A useful accessory for identifying your cables.
I have dozens of cables in my laptop bag right now. It’s kind of an obsession of mine. I don’t like to go anywhere unprepared and if I have a cable for any device, I’m sure to always be able to connect one way or another. That said when my precious cables are in a crowd of others’ cables, how do I tell which one is mine? Well, Buoy Tags does a great job of providing that answer with customizable tags that snap together around your cables.
Buoy Tags are designed to protect your cables from becoming lost or mixed up with other people’s belongings. With them, you can easily identify your cables at a glance. Buoy Tags come with a variety of color inserts as well as alphanumeric characters so that you can make any combination and always know which cables are yours. Buoy Tags also provides templates for Adobe Illustrator, Adobe Photoshop, and Microsoft Word so you can add in contact information if you wish. The tags are made from plastic and have a very slim profile so they don’t get in the way of your cables performance. They are designed to complement the look and feel of your Apple cables.
The Buoy Tags come in a small package that has clear plastic windows so you can see the tags. The concept of the product is simple and because of that, the images on the package really tell the whole story. One thing that I noticed right away is that the Apple cables pictured on the packaging are older cables (3.5mm stereo headphone jack, 30-pin older generation iPhone/iPad charging cable, and Magsafe laptop charging cable). After noticing that, I checked out the fine print on the box and found that the copyright and trademark date was 2011. This made me think that perhaps the tags wouldn’t fit my current cables. But, even with that consideration, I opened the package and started checking out the product.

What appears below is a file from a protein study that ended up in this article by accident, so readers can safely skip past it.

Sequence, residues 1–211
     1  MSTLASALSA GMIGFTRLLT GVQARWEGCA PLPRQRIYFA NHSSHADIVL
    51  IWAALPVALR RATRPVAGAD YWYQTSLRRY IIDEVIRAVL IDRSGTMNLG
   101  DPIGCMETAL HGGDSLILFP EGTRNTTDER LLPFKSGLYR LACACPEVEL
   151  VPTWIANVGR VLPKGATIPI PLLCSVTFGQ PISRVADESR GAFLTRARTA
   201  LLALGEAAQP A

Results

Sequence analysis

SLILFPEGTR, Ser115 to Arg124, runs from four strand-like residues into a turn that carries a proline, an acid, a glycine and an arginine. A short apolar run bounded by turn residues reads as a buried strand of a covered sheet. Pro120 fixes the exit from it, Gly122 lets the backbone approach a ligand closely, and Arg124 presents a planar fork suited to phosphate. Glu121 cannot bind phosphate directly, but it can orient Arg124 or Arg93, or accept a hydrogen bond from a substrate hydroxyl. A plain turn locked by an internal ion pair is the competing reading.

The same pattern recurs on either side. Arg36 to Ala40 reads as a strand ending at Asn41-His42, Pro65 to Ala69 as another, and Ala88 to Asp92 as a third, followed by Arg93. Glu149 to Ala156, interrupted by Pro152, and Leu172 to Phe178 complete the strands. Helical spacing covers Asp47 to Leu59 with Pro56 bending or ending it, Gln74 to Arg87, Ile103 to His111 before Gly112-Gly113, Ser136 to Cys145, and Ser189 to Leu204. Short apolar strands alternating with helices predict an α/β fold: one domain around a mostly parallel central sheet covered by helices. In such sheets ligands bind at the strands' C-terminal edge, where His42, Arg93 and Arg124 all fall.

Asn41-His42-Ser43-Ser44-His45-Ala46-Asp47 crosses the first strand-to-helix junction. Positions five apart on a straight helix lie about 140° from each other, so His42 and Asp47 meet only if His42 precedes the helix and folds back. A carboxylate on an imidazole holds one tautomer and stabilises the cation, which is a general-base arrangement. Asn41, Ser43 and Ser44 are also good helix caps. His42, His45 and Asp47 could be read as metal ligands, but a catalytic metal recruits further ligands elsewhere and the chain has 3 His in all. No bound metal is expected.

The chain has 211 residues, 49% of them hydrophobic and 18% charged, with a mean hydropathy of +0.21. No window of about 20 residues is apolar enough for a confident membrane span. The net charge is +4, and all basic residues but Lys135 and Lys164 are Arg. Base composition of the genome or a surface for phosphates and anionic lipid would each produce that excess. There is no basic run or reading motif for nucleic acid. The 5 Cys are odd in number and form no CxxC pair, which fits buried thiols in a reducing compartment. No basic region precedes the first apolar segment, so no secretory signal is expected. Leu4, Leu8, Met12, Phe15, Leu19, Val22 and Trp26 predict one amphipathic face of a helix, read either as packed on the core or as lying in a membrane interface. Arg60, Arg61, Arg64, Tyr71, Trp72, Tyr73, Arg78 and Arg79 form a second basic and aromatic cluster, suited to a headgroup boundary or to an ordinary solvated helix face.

The Buoy Tags include three sheets of duplicate letters, numbers, and symbols for you to personalize the tags. On the reverse side of the alphanumeric characters, you will find a wide spectrum of colors. I suppose that if you choose to you could just use the solid colors instead of letters or numbers to identify your tags. The identifiers are made from thin cardboard. The card is perforated but because the characters are so small it can be really hard to get a single letter or number out of the card without tearing it.
When you go to place the identifiers in the tag, they don’t like to stay in place easily. I found that they slid around quite a bit and they didn’t really lock into place until I snapped the tag together and even then, the edges that were perforated stuck out a little – they weren’t completely smooth or flat on the sides that touched each other. The example that is provided is precision cut so it lays flat.
Now, when it came to snapping the tags onto the cables, I did have some trouble. I have a 2016 MacBook Pro that is powered by USB-C. That cable is quite a bit thicker than a MagSafe connector from the older MacBook computers. So, I was unable to use the tag on that cable. I was able to use the headphone tag for my EarPods that connect with a Lightning connector. That cable is the same thickness as the 3.5mm stereo headphones. I did find a generic Micro USB cable that the Magsafe tag ended up fitting on. So, even though these are designed to work with Apple cables, you can use them for other cables if they are the right size.
I like the idea of this accessory, but I think they really need an update to fit modern Apple Cables. Most of the accessory cables for Apple products (headphones, Lightning, etc.) will still work with the current version of these tags, but one of the cables I want to keep track of the most – my USB-C cable for my laptop – could really use an identifier in a crowd. The price is $8 for a 3-pack of Buoy Tags and you can customize the labels if you choose to.